Oct 3, 2013; Atlanta, GA, USA; General view of a base prior to game one of the National League divisional series playoff baseball game between the Atlanta Braves and the Los Angeles Dodgers at Turner Field. Mandatory Credit: Daniel Shirey-USA TODAY Sports

Morning Chop: Atlanta Braves News 11/13


Atlanta Braves Might Get Their New Stadium For Free

Naming rights to baseball stadiums fetch a lot of money these days.

Sep 29, 2013; Atlanta, GA, USA; Atlanta Braves first baseman Freddie Freeman (5) puts his arm around catcher Brian McCann (16) in the dugout during the game against the Philadelphia Phillies at Turner Field. The Braves won 12-5. Mandatory Credit: Kevin Liles-USA TODAY Sports

The New York Mets are getting $400 million over 20 years from Citigroup C -1.3%Coca-Cola KO +0.03% is paying $178 million over 28 years for Minute Maid Park in Houston.

How much could the Atlanta Braves get for the naming rights to their new stadium, scheduled to open in time for the 2017 MLB season? The answer to that question will largely determine how much Liberty Media LMCA -0.29%, who owns the baseball team, will have to come up with for their share of the new stadium’s cost.

According to the Atlanta Journal Constitution, the deal to move the Atlanta Braves to Cobb County involves $450 million in financing by the county and another $200 million put up front by the baseball team. Even though the NFL’s Atlanta Falcons are also looking to sell the naming rights to a new stadium that will debut in 2017, the Braves should be able to get at least $10 million over 20 years for naming rights.

Depending on when the Braves will pay their $200 million contribution, Liberty Media might not have to come up with a dime for its new stadium.



On Braves Move, Reed Says Atlanta Couldn’t Match Cobb Offer, Stresses Regionalism

At a morning press conference, Atlanta Mayor Kasim Reed said Cobb offered “one of the best deals in America” – a stadium, he said, that would be 65 percent funded by public dollars. Reed said the city ultimately couldn’t match the offer.

“If we had made a different decision, every single dollar for everything else would have gone to fund and modernize the stadium. Now I’m not saying that I wasn’t willing to help, but I don’t think that’s the better deal for the city of Atlanta,” said Reed.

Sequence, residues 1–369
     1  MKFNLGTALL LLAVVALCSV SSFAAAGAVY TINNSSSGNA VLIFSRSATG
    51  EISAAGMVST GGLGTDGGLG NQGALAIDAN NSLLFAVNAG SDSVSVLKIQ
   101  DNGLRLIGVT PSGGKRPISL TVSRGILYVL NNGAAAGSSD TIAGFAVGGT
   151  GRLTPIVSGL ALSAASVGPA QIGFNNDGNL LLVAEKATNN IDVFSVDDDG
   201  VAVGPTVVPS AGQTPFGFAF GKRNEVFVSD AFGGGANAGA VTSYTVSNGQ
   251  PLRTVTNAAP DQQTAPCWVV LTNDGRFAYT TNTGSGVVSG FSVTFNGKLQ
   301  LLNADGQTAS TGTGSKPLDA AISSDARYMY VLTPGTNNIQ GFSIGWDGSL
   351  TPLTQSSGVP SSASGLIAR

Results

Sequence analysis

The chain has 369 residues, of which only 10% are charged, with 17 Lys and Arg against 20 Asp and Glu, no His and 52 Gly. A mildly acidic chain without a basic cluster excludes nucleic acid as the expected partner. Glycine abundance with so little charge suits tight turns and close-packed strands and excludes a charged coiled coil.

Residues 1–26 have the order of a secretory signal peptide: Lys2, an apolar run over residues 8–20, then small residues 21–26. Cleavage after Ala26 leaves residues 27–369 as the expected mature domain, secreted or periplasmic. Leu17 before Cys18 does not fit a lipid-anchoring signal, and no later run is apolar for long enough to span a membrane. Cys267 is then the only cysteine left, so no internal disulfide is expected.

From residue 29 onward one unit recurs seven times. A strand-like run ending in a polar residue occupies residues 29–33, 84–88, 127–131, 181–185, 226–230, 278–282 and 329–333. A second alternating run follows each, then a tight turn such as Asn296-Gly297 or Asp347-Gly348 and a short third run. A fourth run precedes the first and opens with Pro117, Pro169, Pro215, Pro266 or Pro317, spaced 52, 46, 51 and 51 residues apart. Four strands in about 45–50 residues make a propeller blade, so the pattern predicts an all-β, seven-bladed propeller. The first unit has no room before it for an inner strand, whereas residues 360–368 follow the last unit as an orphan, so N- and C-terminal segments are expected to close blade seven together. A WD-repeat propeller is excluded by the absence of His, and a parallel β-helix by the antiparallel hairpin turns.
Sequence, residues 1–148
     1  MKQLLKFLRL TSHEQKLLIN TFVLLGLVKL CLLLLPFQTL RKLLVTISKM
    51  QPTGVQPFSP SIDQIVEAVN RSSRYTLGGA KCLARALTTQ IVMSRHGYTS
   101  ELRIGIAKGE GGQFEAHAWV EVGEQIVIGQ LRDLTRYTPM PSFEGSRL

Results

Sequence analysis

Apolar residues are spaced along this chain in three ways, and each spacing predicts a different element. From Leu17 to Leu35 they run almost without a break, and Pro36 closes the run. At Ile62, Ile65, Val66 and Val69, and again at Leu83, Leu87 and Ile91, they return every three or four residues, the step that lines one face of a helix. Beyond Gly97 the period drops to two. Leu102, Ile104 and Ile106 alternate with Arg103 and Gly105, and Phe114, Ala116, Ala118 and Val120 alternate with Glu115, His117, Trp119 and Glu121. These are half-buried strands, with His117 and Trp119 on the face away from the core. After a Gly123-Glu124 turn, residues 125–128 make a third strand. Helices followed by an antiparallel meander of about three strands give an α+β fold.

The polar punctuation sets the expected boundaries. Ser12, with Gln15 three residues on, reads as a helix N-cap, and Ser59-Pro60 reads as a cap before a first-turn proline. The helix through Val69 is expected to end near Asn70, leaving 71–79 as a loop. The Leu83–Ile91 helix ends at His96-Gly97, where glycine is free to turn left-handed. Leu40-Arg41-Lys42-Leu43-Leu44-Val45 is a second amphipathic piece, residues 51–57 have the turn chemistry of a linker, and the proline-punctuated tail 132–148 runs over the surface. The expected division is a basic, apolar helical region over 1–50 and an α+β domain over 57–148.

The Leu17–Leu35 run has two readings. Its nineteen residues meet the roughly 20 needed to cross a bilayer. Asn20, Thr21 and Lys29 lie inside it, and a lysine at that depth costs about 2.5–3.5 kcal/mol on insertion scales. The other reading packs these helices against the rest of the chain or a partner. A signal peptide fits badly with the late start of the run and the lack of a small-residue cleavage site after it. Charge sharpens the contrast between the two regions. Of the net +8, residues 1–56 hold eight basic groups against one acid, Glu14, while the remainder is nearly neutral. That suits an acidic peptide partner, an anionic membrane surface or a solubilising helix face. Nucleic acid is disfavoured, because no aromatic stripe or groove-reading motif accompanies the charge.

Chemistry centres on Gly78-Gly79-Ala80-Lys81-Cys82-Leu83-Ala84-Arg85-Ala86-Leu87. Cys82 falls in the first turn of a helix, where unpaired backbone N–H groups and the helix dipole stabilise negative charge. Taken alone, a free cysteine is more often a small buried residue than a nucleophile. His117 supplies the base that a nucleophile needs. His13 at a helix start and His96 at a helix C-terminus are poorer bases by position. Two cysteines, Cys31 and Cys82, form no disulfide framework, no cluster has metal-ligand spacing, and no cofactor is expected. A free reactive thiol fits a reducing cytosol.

He added: “Four hundred and fifty million dollars in public funding is a pretty good deal. We can’t spend money that liberally in the city of Atlanta. We are fiscal conservatives here.”

He congratulated Cobb officials for making such a strong offer.

“I’m as competitive as anybody else, but Cobb presented them a terrific offer and I’m not going to play this Atlanta versus Cobb game. I believe in the region so we’ve got to make a decision, either we’re going to be a region or we’re not.”



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Top 5 Reasons Why The Braves Move to Cobb County Makes Sense

5. The Braves will have more control over their own stadium

Currently, the Braves have absolutely no ownership in Turner Field. They simply lease the stadium, and their 20-year lease (signed after the 1996 Olympics) ends after the 2016 season. While it’s highly unlikely that the Braves will have complete ownership of their new ballpark, they will still own a portion of it, allowing them to have more of a say in the building and its upkeep.

4. Turner Field needs repairs

While the casual fan that visits Turner Field may not notice, Scheurholz believes that Turner Field is in need of at least $200 million in repairs to its infrastructure (new plumbing, lighting, etc.). Scheurholz also stated that these repairs will do nothing to enhance the fan experience, and that would cost an additional $150 million. The initial price tag on the new stadium is said to be $672 million, roughly double of what the cost would be to bring Turner Field up to pace with the newest parks in baseball.

3. The atmosphere will be built for baseball

While Turner Field is an amazing baseball experience, the surrounding area of the park leaves a lot to be desired. There are few hotels within walking distance of the park and exactly 1 restaurant. The surroundings of the new ballpark will be built so that fans will hypothetically be able to park their car at their hotel, walk to dinner, walk to the game, walk to a bar, and then walk back to their hotel. The goal is for the surroundings of the park to make it a 365 day destination, not just for 81 games.

2. The stadium will be built for baseball

Turner Field was initially built as an 85,000 seat arena for the summer olympics, only being refurbished and downsized for the Braves after the conclusion of the 1996 games.

The new ballpark will seat 42,000 fans, roughly 8,000 less than Turner Field. Not only will this allow a more intimate experience for fans, but you will see far fewer empty seats during mid-week games in which Turner Field would normally draw 20,000 fans. A ballpark built from the ground up for baseball will allow for the great fan experience that Wren was alluding too.

1. The bulk of season ticket holders are not downtown

Yes, there are many Braves fans that live in the downtown Atlanta area. But according to images provided by the Braves, a majority of season ticket holders live in suburbs north of the Atlanta area.

The move away from Turner Field will put the Braves closer to these fans, allowing them to get to the ballpark easier. The location of the new park will also allow for more parking near the stadium, and according to Scheurholz, easier access from major local highways (the park will be located at the intersection of I-75 and I-285).


CBS Atlanta

Mayor Reed speaks about Braves leaving Atlanta

CBS Atlanta News

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